The complete results are published in La France des valeurs. Forty years of evolution, under the direction of Pierre Bréchon, Frédéric Gonthier and Sandrine Astor (Presses universitaires de Grenoble).

This text is a translation of the original text in French published on PACTE-Grenoble website.

Here is available an extract of the introduction.
Several press articles commenting the results of EVS in France have been published, as such as in Le Monde, CNRS Le journal, RFC Radio.

Value Change, Solidarity, and Identity Issues in a Changing World


Ladislav Rabusic (NPD of EVS Czechia) and Zuzana Kusá (Member of the Slovakian team of EVS) are the Guest Editors of the Special issue of  The Czech Sociological Review on Value Change, Solidarity, and Identity Issues in a Changing World.

The Czech Sociological Review is announcing a Call for Papers for this thematic issue in English. The deadline for the abstract submission is 31 March 2019.

· Editors: Ladislav Rabušic (Department of Sociology, Faculty of Social Studies MU) and Zuzana Kusá (Institute for Sociology, Slovak Academy of Science)

· Planned issue: Sociologický časopis / Czech Sociological Review 6/2020

The idea that core values are shifting in response to economic, political, cultural, and social development resonates widely in current public and academic discussions. In recent years Europe has been exposed to important dynamic forces that have challenged its geography, politics, cultures, and social fabric. While the economic crisis of 2008 and its aftermath called into question European and country solidarity, increasing immigration from outside Europe has challenged the ‘old continent’ and raised questions about security and responsibility for border controls and for the distribution of wealth. The most recent developments have affected the social structure within states as well as the relationships between them. They tend to deepen existing inequalities and lead to structural changes and rapid social transformations that challenge social cohesion not only within individual countries but also at the Europe level. They endanger the already modest sense of European identity and thus raise the question of what holds Europe together.

While the prevailing consensus is that something is happening, there is no agreement over exactly what and why this may be (see, e.g., R. Inglehart and C. Welzel, 2005, Modernization, Cultural Change, and Democracy. The Human Development Sequence, Cambridge University Press; P. Bréchon and P. Gonthier, eds, 2017, European Values. Trends and Divides Over Thirty Years, Brill Publishers; and R. Dalton and C. Welzel, eds, 2014, The Civic Culture Transformed from Allegiant to Assertive Citizens, Cambridge University Press). The main goal of this thematic issue is to gain a better theoretically grounded and empirically supported understanding of the phenomenon of value changes, solidarity, and identity in a changing Europe using the European and World Values Surveys, which provide reliable data on the value orientations of Europeans and on their group affiliations, identities, and understandings of solidarity. We welcome papers on the following issues (among others):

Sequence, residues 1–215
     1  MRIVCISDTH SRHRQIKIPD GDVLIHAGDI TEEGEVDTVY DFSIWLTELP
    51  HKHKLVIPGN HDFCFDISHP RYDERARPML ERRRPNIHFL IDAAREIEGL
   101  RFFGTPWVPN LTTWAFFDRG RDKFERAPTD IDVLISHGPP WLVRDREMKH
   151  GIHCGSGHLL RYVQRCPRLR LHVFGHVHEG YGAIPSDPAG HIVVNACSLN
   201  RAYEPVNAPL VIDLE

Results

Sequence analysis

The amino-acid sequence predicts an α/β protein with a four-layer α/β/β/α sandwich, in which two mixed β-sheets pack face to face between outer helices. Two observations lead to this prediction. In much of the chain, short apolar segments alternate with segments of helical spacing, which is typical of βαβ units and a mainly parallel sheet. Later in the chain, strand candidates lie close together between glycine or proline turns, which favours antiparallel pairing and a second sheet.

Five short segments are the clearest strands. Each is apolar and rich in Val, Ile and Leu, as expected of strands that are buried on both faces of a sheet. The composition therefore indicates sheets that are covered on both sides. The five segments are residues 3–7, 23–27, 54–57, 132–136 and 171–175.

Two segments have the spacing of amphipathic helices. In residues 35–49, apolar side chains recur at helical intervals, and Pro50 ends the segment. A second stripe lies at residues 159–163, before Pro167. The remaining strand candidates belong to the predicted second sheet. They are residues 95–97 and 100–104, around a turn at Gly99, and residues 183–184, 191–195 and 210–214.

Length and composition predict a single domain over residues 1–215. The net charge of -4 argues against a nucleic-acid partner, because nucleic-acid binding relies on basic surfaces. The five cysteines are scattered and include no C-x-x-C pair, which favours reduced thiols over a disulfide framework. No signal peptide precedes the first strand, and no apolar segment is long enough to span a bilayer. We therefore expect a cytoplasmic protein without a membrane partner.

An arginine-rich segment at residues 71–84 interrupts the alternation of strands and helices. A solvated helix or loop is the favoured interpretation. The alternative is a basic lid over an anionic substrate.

• Where do countries stand in terms of the trends in individualism and collectivism in the light of cross-cultural research on values?
  • What values and attitudes concerning work and employment do people hold? Did any substantial change occur between 1991 and 2017?
  • How do values and attitudes differ between various social strata and between different cultures?
  • How have attitudes towards immigrants and immigration changed since 1990 in Central and Eastern Europe?
  • Has there been a cohort shift with respect to the meaning of partnership, family, and parenthood?
  • Has there been a gender ‘value revolution’ in European countries and what patterns can be seen in this area?

Contributors do not, however, have to limit themselves to these topics and may explore others, as long as the submitted papers are based on EVS/WVS data. Preferably the papers should also deal with value shifts observed by comparing different waves of the EVS/WVS (i.e. a time dimension should be included in the paper’s analysis). We expect the primary focus of papers to be on European countries.

The deadline for the submission of abstracts (300–500 words) is 31 March 2019. The abstracts are to be submitted directly to the guest editor – rabu@fss.muni.cz – who will inform authors as to whether their abstract has been selected by 15 April 2019.

Full-text papers must be submitted no later than 30 November 2019. For author guidelines see http://sreview.soc.cas.cz/en/page/4-author-guidelines.

Attached documents:

EVS Results in Georgia

In the online journal Financial several articles based on EVS proved information on the Georgian society.

Among the most recently published, “Does marriage still matter?” by Ani Lortkipanidze (member of the Georgian team at GORBI), uses data from EVS to explore whether marriage is considered an outdated institution by people in Georgia, Belarus, Bulgaria, and Russia.

Other pieces are, for example:

“In Georgia, the Press is Sinking, but Labor is at the Bottom”, Published on July 9, 2018

After Cannabis Legalization, Volume Limits on Khantsi?” Published on August 13, 2018

The Georgian Army Rules” Published on June 25, 2019

Most young Georgians believe in hell and heaven?” Published on: June 18, 2018

No Sex, but Drugs and rock & roll” Published on May 28, 2018

Catch Up and Overtake America’ has failed, shall we give it another try?” Published on: May  21, 2018

« Older Entries